Over 1,000 people are thought to have been killed in the latest earthquake to hit Afghanistan. Humanitarian aid agencies are scrambling to help the affected villages. But the realities of Taliban rule are starting to have an impact on the ground, as relations between the authorities and NGOs fray.
Two earthquakes struck Afghanistan’s western province of Herat on October 7 and a third on October 11. Zindajan district, 50km west of Herat, was the worst affected area. It is a rural area of scattered hamlets, where most people live in traditional single-storey mud-brick structures. In villages near the epicentre, the damage was total. Mud structures simply collapsed on their occupants. As the October 7 quakes occurred late in the morning, the victims were mainly women and children, who were indoors. Men working in the fields were spared.
Over 1,000 people died under the falling masonry. More than twice this number were injured or were trapped and had to be dug out and the UN estimates that 12,000 people have been affected. There is a regional tradition of mud domed construction (gombad) which, when well-constructed, is considered to be earthquake resistant. However, many contemporary village houses employ heavy wooden, or indeed concrete, beams to support the roof, especially if they have added an upper storey. Many casualties were probably caught under these beams.
Responders were struck by the intensity of the destruction and the sight of Zindajan villages with barely a single home left standing. About twice as many have been killed as died in the earthquake in Paktika province last year.
Afghanistan’s legacy of decades of conflict and natural disasters means that humanitarian aid agencies, the private sector and even the Taliban authorities are grimly familiar with disaster response. Deputy Prime Minister Mullah Baradar visited the affected area on October 8 and promised to help rebuild houses and pledged cash assistance. The Taliban inherited a functional government infrastructure and so their officials from the Disasters Department showed up to survey the area and coordinate.
Businesses active in Herat, including the Azizi Bank, pledged cash and material assistance to the survivors. Humanitarian organisations already active in Afghanistan, including UN agencies, the EU’s humanitarian wing ECHO, the Red Cross and Red Crescent societies and NGOs deployed personnel and provided essential medical supplies to hospitals overstretched by the influx of injured.
They have delivered tents and non-food items for those who have lost their houses. And they have distributed food and cash, to help people survive until they can go back to work and restart their lives.
The hunger emergency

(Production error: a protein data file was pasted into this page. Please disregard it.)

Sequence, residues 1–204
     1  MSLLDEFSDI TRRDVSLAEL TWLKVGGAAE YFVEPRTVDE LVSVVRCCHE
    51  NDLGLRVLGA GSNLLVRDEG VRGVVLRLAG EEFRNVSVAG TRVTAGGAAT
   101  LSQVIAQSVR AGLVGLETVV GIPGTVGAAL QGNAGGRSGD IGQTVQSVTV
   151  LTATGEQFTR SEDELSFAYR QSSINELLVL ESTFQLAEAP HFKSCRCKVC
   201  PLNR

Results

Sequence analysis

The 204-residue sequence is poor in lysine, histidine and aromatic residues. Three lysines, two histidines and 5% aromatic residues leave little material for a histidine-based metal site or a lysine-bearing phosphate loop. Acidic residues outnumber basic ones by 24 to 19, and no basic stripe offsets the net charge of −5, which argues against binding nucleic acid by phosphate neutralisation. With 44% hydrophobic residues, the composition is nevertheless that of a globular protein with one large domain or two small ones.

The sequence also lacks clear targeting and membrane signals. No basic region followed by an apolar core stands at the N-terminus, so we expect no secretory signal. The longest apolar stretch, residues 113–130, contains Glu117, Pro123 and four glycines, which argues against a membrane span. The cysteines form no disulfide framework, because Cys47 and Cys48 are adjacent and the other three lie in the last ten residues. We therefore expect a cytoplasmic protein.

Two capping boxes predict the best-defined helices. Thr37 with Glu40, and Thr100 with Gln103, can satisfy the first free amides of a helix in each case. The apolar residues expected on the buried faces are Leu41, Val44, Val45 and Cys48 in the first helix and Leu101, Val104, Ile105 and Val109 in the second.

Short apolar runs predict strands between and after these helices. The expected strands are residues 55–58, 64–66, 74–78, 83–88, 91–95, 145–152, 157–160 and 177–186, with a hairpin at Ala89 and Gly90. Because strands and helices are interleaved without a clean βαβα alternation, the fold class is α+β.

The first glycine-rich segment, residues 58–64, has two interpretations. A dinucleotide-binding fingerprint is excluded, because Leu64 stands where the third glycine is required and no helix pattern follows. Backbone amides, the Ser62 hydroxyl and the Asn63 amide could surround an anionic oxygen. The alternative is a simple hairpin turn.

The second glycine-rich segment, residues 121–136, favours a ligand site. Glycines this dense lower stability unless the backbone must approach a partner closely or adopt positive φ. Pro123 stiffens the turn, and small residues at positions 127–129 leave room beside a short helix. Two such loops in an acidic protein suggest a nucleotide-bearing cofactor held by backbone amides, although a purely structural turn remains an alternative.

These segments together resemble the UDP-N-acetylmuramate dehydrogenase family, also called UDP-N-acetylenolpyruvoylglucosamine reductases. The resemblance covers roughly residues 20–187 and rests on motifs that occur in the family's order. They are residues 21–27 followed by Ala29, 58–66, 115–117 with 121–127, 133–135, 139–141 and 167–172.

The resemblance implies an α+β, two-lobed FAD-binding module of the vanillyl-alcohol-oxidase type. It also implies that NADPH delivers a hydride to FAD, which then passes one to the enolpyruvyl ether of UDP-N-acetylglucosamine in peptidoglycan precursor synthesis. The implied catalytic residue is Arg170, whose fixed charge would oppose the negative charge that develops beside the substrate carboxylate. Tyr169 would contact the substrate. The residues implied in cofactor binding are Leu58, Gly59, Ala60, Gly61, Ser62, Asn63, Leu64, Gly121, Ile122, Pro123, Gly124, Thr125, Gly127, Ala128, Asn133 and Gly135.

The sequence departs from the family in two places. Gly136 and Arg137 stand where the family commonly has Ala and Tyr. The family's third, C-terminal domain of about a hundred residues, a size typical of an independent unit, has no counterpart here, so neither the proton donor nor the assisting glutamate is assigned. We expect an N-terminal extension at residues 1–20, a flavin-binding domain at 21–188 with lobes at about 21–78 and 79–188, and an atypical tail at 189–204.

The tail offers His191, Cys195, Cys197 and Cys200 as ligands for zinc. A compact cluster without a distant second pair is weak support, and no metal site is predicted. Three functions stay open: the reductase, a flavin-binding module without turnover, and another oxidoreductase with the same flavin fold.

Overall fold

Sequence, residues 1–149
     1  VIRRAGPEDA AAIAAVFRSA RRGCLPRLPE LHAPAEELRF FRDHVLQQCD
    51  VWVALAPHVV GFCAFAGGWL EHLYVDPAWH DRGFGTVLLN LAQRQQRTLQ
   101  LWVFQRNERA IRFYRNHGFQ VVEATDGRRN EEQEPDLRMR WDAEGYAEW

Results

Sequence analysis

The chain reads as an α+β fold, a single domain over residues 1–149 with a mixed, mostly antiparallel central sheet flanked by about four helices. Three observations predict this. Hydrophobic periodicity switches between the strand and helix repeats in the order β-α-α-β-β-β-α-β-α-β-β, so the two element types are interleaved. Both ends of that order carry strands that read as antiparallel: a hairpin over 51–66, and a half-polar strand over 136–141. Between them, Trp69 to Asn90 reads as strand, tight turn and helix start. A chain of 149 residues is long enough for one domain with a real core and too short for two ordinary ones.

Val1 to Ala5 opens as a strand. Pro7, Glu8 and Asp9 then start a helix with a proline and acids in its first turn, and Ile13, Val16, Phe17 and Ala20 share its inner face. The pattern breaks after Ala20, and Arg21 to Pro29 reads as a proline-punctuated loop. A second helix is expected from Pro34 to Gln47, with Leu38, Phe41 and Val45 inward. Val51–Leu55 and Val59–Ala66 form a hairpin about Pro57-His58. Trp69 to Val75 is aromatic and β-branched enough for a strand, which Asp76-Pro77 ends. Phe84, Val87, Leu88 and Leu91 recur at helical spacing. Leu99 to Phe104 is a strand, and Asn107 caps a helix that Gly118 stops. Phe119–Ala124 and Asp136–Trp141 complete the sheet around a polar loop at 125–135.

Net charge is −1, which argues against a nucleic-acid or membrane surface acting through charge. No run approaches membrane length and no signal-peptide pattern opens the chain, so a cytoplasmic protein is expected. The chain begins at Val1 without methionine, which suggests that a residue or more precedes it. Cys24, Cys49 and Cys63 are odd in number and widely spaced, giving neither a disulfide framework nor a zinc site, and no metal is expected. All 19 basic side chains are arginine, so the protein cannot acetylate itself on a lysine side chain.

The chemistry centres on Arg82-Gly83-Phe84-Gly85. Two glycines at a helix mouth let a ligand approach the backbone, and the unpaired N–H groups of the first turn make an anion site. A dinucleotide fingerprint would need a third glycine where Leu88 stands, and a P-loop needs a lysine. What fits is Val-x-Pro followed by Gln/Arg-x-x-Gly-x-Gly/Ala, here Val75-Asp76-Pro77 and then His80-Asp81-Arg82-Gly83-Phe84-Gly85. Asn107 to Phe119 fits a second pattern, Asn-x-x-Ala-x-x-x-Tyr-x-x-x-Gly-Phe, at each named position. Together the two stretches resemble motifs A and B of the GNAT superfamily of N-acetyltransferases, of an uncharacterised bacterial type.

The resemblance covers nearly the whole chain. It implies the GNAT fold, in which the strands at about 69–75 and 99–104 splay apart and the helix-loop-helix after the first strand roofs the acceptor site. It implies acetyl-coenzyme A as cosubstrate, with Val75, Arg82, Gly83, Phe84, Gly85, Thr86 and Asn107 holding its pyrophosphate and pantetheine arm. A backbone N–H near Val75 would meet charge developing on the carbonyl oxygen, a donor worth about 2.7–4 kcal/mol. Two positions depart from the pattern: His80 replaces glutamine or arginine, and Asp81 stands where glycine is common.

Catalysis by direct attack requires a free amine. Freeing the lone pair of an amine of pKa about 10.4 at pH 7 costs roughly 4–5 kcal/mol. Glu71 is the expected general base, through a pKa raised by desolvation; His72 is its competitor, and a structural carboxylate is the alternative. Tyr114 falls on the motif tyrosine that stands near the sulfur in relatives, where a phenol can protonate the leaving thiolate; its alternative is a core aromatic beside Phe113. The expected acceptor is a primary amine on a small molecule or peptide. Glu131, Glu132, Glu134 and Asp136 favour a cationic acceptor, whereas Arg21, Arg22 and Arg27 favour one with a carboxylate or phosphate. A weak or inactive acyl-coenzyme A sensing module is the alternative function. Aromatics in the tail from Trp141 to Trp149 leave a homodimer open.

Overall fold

While the Herat earthquakes have brought suffering to those directly affected, the survivors join the much larger numbers of Afghans already struggling to survive in a broader humanitarian crisis. The UN has estimated that over 15 million are affected by the hunger emergency caused by drought and an economic collapse.
Meanwhile, Pakistan has threatened to expel 1.7 million undocumented Afghan migrants and Iran regularly deports thousands of Afghans which it says have entered the country illegally or overstayed.
Grim as the situation may be today in the Herat hospitals and flattened villages, the aid agencies on the ground have the capacity to respond to Heratis’ immediate needs and appeal for resources to prepare for winter. But responding to the collapse of livelihoods, hunger and mass migration is even more daunting, given the scale of the problem and difficulties inherent in working in Taliban-run Afghanistan.
On the positive side, the earthquake response illustrates that, when both sides are on board, the Taliban and humanitarian agencies can operate alongside each other to deliver for the population. The fact that Taliban leaders are subject to UN sanctions does not prevent pragmatic engagement and coordination on the ground. International agencies meet with Taliban officials of relevant departments such as Public Health. But they avoid handing over aid money to them, instead relying on their own operations and NGOs to deliver resources.
The fact is relations between the Taliban authorities and humanitarian organisations have become strained. The Taliban increasingly demand a say in how aid is delivered and to whom. Agencies have experienced a shrinking of “humanitarian space” (the freedom to operate independently according to agreed principles) leading donors to question whether their resources will reach the most vulnerable Afghans. Donor commitments to humanitarian operations in Afghanistan are sharply down on last year.
Donor fatigue has probably been exacerbated by both Taliban interference and their persistent opposition to universal norms by restricting girls’ education and women’s employment.
Taliban policies and governance style also directly contribute to the problem by hurting the economy. The World Bank’s latest assessment warns of “economic uncertainty”.
Initial Taliban performance, in funding a national budget, without external support, was impressive. But now the Taliban’s aggressive tax collection is depressing demand. And in a replay of the “guns v butter” problem, the Taliban are channelling resources to their security forces leaving little for the civilian population.
Meanwhile, the World Bank estimates that more than half the population is in extreme poverty. Continued drought and another poor harvest are compounding the problem of hunger. Climate change vulnerability makes the longer-term outlook even more bleak.
All this drives thousands of Afghans to migrate, dodging border controls and taking their chances in the Iranian labour market or trying to head further west. An inflexible Afghan administration which is isolated at home and internationally is ill-prepared to cope with these burgeoning humanitarian challenges.